A few years ago, Jon Bonné’s book The New California Wine became one of my favorite books on wine. I think some people looked at that book as the author telling people that these are the only wines you should be drinking out of the vast selection available to us. Instead, I took Mr. Bonné’s intent to be to advise his readers of which wineries he felt were most involved in pushing the boundaries of quality winemaking in California.
Admittedly, I especially appreciated Bonné’s theme as I tend to gravitate towards wine outliers myself; often those who don’t follow the standard rules.
So, I was somewhat surprised by the author’s latest book, which is all about rules. I expected to dislike this book, but I liked it – a lot. Truthfully, the “rules” read more like suggestions to make your wine-life easier, whether you be a possibly intimidated wine novice or a seasoned wine lover. And as the book reads like suggestions, the reader can feel free to choose which ones works best for him or her.
Some of the “rules” that resonated with me were…
Rule 1 – Drink the rainbow.
It’s easy to get in a rut of one color [red, white or pink] or even one varietal [sayeth the Zin Fan]. That’s a good way to do it, if you want to miss a lot.
Rule 6 – There’s a difference between “fruity” and “sweet.”
While the author tries to not get hung up on technicalities, this is a good one to remember. They definitely mean different things.
Rule 14 – Organic and biodynamic mean something specific. Natural means a different thing.
I like this one because, ironically, these terms mean very little to me as to whether I select a wine for my own drinking. Although it does make for interesting conversation while sharing a glass or two of it with fellow wine drinkers.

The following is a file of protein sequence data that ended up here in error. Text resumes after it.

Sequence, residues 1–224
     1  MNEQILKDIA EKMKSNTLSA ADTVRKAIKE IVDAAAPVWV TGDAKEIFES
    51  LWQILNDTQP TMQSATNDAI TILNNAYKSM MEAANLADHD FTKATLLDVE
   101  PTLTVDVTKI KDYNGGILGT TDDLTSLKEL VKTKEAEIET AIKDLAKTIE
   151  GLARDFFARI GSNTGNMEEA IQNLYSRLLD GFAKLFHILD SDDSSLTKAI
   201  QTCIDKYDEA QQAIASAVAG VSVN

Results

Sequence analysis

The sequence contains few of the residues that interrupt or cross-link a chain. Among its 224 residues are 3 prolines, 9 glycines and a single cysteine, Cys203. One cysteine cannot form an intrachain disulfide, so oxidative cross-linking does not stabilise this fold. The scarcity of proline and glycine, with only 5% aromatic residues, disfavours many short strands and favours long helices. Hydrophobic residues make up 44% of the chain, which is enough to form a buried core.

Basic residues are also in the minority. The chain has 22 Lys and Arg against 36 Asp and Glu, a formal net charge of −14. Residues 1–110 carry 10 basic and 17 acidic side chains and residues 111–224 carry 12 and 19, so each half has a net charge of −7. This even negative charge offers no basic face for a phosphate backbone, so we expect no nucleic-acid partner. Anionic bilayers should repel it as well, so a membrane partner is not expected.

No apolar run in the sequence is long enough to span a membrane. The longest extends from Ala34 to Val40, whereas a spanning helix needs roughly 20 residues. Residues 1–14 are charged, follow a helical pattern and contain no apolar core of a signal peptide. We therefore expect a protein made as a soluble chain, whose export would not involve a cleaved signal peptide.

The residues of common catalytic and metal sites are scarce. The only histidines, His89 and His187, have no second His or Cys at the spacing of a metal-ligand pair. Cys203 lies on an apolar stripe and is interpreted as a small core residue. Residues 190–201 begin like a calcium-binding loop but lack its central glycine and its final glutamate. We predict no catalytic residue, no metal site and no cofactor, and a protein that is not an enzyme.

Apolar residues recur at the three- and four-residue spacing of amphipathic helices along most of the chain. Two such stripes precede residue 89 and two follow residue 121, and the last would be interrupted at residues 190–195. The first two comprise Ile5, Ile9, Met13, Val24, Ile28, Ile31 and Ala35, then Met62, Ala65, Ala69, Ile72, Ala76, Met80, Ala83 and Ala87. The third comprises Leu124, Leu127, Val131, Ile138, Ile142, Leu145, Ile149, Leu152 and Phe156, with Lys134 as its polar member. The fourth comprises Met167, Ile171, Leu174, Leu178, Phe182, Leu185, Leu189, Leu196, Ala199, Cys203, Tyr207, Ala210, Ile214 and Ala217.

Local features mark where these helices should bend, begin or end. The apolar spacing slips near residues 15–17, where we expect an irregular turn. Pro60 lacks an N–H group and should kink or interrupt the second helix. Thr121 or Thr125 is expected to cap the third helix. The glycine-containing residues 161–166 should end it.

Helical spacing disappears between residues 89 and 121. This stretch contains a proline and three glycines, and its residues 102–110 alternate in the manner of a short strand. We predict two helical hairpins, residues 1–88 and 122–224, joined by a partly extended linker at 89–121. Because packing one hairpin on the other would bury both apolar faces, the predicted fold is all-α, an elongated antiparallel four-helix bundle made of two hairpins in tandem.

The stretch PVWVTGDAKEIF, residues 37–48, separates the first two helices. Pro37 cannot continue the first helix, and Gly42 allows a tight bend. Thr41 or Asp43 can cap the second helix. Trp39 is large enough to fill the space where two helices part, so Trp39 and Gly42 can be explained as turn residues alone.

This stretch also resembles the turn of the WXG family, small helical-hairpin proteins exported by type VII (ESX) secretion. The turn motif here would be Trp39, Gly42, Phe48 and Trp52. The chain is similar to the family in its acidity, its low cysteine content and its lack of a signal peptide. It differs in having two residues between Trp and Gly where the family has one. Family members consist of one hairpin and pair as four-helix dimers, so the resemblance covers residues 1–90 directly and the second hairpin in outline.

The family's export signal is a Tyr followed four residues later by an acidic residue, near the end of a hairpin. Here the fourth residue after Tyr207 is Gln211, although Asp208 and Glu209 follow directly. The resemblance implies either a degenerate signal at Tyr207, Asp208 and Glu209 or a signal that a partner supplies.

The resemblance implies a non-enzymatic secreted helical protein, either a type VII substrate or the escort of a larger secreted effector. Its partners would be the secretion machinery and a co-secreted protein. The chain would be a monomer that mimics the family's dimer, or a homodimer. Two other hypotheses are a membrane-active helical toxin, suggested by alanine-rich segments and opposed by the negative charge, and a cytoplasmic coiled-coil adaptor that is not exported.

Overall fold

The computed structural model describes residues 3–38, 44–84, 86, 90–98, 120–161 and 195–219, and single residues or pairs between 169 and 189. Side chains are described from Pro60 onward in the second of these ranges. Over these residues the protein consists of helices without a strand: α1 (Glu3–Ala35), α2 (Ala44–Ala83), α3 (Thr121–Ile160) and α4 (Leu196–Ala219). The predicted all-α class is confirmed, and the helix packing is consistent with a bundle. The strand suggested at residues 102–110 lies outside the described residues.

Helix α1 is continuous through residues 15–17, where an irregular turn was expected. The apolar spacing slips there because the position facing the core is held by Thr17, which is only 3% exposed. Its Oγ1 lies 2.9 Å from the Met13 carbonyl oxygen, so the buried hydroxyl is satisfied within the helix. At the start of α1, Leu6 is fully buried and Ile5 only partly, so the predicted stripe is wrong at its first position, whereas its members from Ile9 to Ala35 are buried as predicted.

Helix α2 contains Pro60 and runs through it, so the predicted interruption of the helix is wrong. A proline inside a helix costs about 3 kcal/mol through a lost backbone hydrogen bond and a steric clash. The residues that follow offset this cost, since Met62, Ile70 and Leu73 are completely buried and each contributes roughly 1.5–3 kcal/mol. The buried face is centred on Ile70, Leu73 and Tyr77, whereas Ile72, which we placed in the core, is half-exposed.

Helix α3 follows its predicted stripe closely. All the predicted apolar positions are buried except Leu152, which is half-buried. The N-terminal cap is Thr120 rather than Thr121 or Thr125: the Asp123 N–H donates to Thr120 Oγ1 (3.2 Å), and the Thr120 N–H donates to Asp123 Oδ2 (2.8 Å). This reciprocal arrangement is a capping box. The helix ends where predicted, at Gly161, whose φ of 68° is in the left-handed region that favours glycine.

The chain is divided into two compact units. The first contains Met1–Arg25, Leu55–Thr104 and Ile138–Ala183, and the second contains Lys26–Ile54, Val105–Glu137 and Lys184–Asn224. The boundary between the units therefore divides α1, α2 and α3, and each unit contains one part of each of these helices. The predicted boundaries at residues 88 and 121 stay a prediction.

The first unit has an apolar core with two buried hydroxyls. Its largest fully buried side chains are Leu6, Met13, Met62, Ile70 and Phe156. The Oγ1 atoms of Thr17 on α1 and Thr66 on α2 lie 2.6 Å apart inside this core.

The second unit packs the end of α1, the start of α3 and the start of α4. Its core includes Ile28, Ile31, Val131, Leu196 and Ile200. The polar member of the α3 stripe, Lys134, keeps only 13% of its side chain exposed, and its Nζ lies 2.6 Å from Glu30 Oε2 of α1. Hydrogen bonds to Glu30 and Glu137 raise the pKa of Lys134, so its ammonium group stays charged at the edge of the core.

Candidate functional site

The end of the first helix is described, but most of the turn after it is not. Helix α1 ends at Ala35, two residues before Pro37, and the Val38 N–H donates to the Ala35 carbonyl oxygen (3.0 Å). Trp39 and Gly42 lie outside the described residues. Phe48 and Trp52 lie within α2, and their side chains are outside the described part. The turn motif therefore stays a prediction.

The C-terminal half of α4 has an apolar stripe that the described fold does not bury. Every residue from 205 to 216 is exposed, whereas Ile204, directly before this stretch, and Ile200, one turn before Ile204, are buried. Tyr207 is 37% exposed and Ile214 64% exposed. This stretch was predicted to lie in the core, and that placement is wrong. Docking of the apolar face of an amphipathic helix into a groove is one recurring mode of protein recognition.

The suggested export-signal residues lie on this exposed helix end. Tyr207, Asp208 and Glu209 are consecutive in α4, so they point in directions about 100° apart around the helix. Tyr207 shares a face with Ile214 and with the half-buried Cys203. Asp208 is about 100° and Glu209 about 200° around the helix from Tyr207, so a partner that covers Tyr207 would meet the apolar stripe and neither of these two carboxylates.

Rule 17 – Stop worrying about sulfites.
I love this one for all of you who complain that the sulfites gave you a headache when it is really probably because you drank too much.
Rule 23 – No two bottles of wine – even of the same wine – are exactly alike.
So many factors can contribute to bottle variation, from conditions at the winery to conditions with the consumer and anywhere in between. It is just a fact of life and what contributes to wine being so interesting.
Rule 25 – The occasional faulty bottle of wine is a fact of life. Don’t let one ruin your day.
Something I need to remind myself of sometimes.
The author also provides a very nice explanation of what the various faults [corked, cooked, oxidized, brett, etc.] are. Personally, I’ve found that people can be sensitive to some faults more than others; for example, “oxidation” is my pet peeve. I also am reminded of a conversation I was having with a WSET-2 graduate [no, not Eve] who was describing a flawed wine she had tasted and said “It was corked; it was totally oxidized.” When I inquired which it was [corked or oxidized] I was met with a blank stare.
Rule 26 – A wine’s price rarely reflects its quality.
As long as we’re not talking about bargain supermarket plonk, I tend to agree. Although I still think you are more likely [but not guaranteed, of course] to get a better bottle by spending the extra bucks.
Rule 42 – Never judge a bottle by its closure.
If it were up to me, all wines would have twist-off caps.
I’ll stop with that one. There are a lot more rules in the book, 89 in total. This book is definitely worthy of your time, not just for the rules but also for the large amount of useful information that the author manages to include in a fairly small space.
Michael Perlis has been pursuing his passion for wine for more than 25 years. He has had the good fortune of having numerous mentors to show him the way, as well as a wonderful wife who encourages him and shares his interest. After a couple of decades of learning about wine, attending events, visiting wineries and vineyards, and tasting as much wine as he possibly could, he had the amazing luck to meet Eve Bushman. Now, as Contributing Editor for Eve’s Wine 101, he does his best to bring as much information as possible about wine to Eve’s Wine 101 faithful readers. Michael is also Vice President of Eve Bushman Consulting (fka Eve’s Wine 101 Consulting) http://evebushmanconsulting.com/ and President of MCP Financial. Michael can be contacted at firstname.lastname@example.org or email@example.com.